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Sheriff says accused criminals in Fremont County now boasting that they face ‘no repercussions’

FREMONT COUNTY, Colo. (KRDO) -- The Fremont County Sheriff told 13 Investigates that while being arrested, several accused criminals are mocking his deputies - claiming they face "no repercussions" for their actions.

In Colorado, judges set bond amounts and types, like cash or no cash bonds, after hearing arguments from prosecutors and defense attorneys. When it comes to the 11th Judicial District Attorney's Office, however, Fremont County Sheriff Allen Cooper said there are cases where the DA's office doesn't even show up to argue on behalf of the community and the public. That results in more accused criminals walking out of jail sooner.

Cooper said people charged with serious crimes are now openly talking about being released from jail on no cash bonds.

Just last week, 13 Investigates profiled seven different sex assault cases that were either dismissed or bond was reduced because of violations by the 11th Judicial District Attorney's office. Now, one of those men has been arrested again on felony charges.

Derek Thulson, 29, previously charged with sexual assault, had his case dismissed on April 17. He was out of jail on a $5,000 PR bond after a judge reduced his bond because of prejudicial discovery violations by the DA's office.

Just two days later on April 19, Thulson was arrested by Cañon City Police for felony burglary. He's accused of trying to forcibly enter a family member's home that he was previously trespassed from.

According to court records, Thulson told arresting officers that he "was going to get out on a PR bond" the next day "so it was fine." Just as he predicted, Thulson was released on a $2,000 PR bond by the courts on April 20.

Derek Thulson

Thulson's words struck a cord for Sheriff Cooper, who told 13 Investigates people entering his jail regularly express to one another that they will be out soon because of the propensity that PR bonds are given in Fremont County.

"The people that are incarcerated in our facility openly talk about it. They are saying there's no repercussions. You know, it is an inconvenience for them to go through the booking process," Cooper said. "Sometimes they may spend some time within the facility. Sometimes they don't. The work for my folks is the same regardless."

Cooper explained that his team has formulated a system for assessing people entering the jail, factoring things like how often they fail to appear, and the risk of re-offending, among other factors. Those papers are then given over to the 11th Judicial District Attorney's office, led by elected DA Linda Stanley.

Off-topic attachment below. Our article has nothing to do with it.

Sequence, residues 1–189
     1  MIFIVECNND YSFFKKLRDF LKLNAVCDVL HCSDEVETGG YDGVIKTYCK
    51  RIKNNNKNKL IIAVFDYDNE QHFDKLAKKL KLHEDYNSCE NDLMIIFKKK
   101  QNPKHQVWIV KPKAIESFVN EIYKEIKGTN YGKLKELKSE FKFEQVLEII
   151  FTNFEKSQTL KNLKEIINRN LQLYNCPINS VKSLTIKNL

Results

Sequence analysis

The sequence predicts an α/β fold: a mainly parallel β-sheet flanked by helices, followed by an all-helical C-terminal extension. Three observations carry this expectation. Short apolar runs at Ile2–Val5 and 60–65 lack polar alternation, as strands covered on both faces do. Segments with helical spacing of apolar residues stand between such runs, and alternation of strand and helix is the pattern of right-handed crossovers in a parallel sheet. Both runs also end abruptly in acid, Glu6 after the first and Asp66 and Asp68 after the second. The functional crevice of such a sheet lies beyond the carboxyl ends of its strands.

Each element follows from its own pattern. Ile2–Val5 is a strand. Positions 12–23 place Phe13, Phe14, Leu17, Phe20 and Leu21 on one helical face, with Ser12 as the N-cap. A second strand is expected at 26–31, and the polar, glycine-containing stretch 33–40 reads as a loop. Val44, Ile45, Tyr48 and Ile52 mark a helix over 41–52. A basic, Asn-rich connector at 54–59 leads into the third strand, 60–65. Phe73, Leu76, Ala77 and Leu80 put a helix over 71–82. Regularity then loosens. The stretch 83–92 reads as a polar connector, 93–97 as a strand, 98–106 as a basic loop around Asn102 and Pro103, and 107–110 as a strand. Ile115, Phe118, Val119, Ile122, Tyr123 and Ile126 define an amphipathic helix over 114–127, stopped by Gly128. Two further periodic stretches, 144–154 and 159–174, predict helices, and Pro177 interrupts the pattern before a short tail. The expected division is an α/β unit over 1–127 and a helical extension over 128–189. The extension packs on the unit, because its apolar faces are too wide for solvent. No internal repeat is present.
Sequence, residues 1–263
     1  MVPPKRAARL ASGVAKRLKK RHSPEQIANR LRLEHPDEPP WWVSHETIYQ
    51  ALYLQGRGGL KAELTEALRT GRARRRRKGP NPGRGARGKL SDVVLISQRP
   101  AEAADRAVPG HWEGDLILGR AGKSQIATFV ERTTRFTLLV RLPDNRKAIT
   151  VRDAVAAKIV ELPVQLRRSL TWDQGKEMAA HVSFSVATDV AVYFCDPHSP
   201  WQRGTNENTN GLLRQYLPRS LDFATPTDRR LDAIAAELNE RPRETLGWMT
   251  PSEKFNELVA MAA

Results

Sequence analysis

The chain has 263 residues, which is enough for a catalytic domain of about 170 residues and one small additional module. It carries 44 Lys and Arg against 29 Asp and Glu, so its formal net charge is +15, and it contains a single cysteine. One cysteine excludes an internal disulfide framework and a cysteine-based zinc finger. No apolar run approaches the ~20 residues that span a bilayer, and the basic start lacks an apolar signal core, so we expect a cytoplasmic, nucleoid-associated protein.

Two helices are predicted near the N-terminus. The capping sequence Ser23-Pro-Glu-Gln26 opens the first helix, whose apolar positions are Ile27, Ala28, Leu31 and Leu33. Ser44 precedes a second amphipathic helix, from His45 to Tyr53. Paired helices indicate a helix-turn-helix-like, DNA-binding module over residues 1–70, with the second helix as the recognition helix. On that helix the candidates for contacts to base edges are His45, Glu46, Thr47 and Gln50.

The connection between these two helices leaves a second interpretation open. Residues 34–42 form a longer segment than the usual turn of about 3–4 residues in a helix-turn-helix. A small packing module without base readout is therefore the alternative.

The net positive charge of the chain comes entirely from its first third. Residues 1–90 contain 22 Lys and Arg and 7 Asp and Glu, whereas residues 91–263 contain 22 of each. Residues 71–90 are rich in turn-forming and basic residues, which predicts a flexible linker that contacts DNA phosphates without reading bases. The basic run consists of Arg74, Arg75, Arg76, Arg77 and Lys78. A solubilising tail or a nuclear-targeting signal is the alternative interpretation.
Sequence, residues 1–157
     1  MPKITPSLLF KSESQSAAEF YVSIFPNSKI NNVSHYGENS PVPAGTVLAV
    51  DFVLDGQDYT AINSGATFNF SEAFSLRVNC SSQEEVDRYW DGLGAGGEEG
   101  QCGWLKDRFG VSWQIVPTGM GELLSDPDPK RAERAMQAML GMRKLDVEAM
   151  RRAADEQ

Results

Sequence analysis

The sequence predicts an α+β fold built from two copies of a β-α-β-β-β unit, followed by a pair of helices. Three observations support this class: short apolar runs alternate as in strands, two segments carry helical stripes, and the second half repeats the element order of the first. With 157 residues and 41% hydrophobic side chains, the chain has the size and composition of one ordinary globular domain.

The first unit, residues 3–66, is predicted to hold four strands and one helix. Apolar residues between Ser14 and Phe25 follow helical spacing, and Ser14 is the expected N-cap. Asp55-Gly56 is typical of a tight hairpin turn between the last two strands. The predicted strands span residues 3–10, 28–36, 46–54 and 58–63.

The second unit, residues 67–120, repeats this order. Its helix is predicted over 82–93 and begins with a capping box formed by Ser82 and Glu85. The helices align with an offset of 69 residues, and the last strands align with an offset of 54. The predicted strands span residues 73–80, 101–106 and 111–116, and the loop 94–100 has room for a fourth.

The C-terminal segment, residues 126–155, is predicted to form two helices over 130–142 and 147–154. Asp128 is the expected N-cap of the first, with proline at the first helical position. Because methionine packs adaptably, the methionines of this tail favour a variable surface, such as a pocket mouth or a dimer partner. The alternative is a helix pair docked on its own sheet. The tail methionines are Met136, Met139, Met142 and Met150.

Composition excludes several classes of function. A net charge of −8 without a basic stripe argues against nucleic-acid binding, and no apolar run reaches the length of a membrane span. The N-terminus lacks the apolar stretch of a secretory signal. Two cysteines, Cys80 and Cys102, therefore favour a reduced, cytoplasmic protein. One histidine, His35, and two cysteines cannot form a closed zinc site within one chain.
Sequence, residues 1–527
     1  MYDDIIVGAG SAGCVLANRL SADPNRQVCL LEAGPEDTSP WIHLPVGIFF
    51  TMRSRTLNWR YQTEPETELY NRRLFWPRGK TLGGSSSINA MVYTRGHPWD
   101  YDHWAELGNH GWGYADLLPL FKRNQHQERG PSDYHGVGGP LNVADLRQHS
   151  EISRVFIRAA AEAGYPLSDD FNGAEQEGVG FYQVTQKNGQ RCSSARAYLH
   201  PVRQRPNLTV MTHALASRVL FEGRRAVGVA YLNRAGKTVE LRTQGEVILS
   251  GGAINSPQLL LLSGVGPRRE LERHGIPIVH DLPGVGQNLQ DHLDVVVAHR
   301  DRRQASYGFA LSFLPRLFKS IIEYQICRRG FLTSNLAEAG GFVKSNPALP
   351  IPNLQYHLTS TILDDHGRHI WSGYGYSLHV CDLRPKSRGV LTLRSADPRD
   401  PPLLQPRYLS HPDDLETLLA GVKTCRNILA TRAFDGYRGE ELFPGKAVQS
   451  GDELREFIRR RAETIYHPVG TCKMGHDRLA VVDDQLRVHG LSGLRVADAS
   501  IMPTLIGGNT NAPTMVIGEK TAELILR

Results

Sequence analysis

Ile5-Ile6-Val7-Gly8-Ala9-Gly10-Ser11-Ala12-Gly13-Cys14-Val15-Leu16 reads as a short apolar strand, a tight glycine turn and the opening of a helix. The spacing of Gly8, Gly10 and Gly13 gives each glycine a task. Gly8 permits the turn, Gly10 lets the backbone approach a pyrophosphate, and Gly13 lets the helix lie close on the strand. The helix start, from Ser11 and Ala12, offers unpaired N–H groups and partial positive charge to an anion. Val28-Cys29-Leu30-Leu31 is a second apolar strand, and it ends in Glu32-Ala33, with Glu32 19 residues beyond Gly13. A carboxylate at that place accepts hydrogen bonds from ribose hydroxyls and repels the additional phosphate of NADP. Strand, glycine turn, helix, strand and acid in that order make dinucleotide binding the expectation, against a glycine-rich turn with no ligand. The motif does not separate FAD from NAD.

However, Cooper said too often Stanley's prosectors are offering no bond argument at all or are not showing up to bond hearings altogether.

"Whenever they're asked by the judge, what's the recommendation, the usual response is 'whatever the court would like," Cooper explained, referencing the DA's office. "What we're seeing is that it's the public defenders that are actually making the recommendation for bond conditions, and those are almost universally PR or personal recognizance bonds."

According to court documents obtained by 13 Investigates, 55-year-old Ross Hague is another example of a repeat accused offender being released over and over again. Hague has three felony and three misdemeanor cases open in the 11th Judicial District.

He was arrested on April 19 and charged with multiple counts of felony menacing with a weapon. He was released on a PR bond.

Days later on April 24, Hague was charged with felony assault. He was given another PR bond.

Now today, April 27, he was charged with felony menacing and received a $10,000 cash-only bond. This only came after prosecutor Wendy Owens provided an argument for why Hague shouldn't be given another PR bond. At this time, Hague hasn't posted bond.

Sheriff Cooper said Hague and Thulson are just a few of many who openly know they will be granted additional PR bonds even if they are charged with more crimes while out on bond.

While judges are the ones who grant bonds, including the amount and type of bond, Cooper said the fault lies more with the DA's office not using the risk assessment tools they are given.

"I'd like to see my detention staff and the chief judge sit down and review the risk assessment tools and arrive at a decision of what are we going to do," Cooper said. "Is this tool valuable for the courts? Or is it just a waste of our time?"

Just like in previous coverage of the ongoing controversy surrounding the 11th Judicial District Attorney's Office, District Attorney Stanley has not responded to 13 Investigates requests for comment on case dismissals, or law enforcement's continued and ongoing criticisms of her office.

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Sean Rice

Sean is reporter with the 13 Investigates team. Learn more about him here.


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